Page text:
Project description:Background:Non-intubated thoracoscopic surgery can be performed under sedation using adjuvant regional anesthesia, however, the benefits of non-intubated thoracoscopic surgery under sedation have not yet been completely verified. In this study, we compare the perioperative safety and pain complaints of sedation without intubation in thoracoscopic bullectomy with that of conventional general anesthesia with double-lumen intubation and mechanical ventilation. Methods:Forty-one patients with primary spontaneous pneumothorax who were scheduled for thoracoscopic bullectomy were enrolled in this study. Twenty-one patients were under sedation anesthesia (SA group) and 20 patients were under general anesthesia (GA group). In SA group, sedation was done with dexmedetomidine (a loading dose of 1 µg/kg for 10 min and then maintained in dosages of 0.3-1 µg/kg/h) and ketamine (2-4 mg/kg/h intraoperatively). Meanwhile, in GA group, induction with propofol and rocuronium, intubation with double lumen endotracheal tube and maintenance with 1.0-2.5% sevoflurane was done. In both groups, thoracoscopic bullectomy was performed in the same manner and all operations were conducted by single surgeon. Time for anesthesia [including emergence time and post-anesthesia care unit (PACU) recovery time] and operation, postoperative pain, sore throat, hoarseness, adverse events (nausea, vomiting, hypotension and bradycardia), dose of rescue analgesic drug used for 24 hours post-operatively and perioperative arterial blood gas analysis were recorded. Results:The times for anesthesia, operation and emergence were significantly shorter in SA than GA. Incidence of sore throat were significantly lower in SA. The difference of other adverse events in the two groups was not significant. Conclusions:Our study demonstrated that compared to double-lumen intubation with general anesthesia, non-intubation with sedation for bullectomy for primary spontaneous pneumothorax was safe and efficient to reduce perioperative time.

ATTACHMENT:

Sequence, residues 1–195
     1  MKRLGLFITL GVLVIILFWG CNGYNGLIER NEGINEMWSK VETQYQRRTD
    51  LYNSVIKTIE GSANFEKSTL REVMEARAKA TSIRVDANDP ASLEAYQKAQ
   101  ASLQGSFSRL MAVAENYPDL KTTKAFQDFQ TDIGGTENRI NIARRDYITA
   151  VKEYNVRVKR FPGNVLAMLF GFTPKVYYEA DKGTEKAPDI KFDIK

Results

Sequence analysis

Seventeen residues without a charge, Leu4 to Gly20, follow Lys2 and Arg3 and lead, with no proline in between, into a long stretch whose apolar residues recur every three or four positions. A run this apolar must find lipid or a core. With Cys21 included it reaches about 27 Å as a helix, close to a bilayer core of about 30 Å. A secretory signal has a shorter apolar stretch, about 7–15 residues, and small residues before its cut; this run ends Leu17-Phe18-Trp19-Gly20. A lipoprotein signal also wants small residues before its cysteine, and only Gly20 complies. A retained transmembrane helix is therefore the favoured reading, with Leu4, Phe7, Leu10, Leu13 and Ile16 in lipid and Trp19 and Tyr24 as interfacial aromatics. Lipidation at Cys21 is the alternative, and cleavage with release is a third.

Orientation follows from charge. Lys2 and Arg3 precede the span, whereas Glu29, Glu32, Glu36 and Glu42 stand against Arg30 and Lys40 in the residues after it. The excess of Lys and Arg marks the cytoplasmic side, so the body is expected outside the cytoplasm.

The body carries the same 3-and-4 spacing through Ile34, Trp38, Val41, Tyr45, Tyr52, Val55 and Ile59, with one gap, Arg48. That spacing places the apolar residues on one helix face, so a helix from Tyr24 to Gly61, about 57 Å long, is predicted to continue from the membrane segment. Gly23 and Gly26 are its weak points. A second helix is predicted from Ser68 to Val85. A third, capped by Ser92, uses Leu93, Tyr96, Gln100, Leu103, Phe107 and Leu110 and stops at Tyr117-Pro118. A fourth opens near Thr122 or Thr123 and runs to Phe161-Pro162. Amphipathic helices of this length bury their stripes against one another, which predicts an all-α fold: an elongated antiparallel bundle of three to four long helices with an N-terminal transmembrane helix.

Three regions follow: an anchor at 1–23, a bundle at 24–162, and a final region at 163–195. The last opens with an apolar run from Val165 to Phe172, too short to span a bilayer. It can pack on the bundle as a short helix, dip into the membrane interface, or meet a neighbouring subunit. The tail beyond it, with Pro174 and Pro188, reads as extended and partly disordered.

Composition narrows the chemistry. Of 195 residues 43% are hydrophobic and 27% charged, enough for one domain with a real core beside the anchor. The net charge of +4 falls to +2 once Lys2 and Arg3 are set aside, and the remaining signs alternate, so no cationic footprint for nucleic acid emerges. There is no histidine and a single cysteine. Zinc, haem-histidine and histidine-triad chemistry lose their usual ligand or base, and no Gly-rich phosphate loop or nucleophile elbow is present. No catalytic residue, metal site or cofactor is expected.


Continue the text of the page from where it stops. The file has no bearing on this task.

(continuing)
Project description:Background. Postoperative sore throat is one of the major complaints of general anesthesia in the postanesthesia care unit. This prospective study investigated the preventive effect of ketorolac tromethamine spray in postendotracheal-intubation-induced sore throat after general anesthesia. Methods. Surgical patients undergoing general anesthesia with endotracheal intubation were recruited from a medical center. Patients were randomly assigned to group K (treated with 5% ketorolac tromethamine spray) or group D (treated with distilled water spray). Before intubation, each endotracheal tube was sprayed with the appropriate solution by physicians over the 20?cm length of the cuff. Each group comprised 95 patients fitting the inclusion and exclusion criteria for whom complete data sets were collected. The intensity of the sore throat was measured at 1, 3, 6, and 24?h after surgery, and data were compared. Results. The two groups had similar characteristics. Postoperative sore throat was significantly less frequent in group K than in group D (p < 0.001) and the pain intensity was significantly lower in group K than in group D at each time point (all p < 0.001). Conclusions. This study demonstrated that preanesthesia 5% ketorolac tromethamine spray could effectively decrease postendotracheal-intubation-induced sore throat in patients undergoing general anesthesia.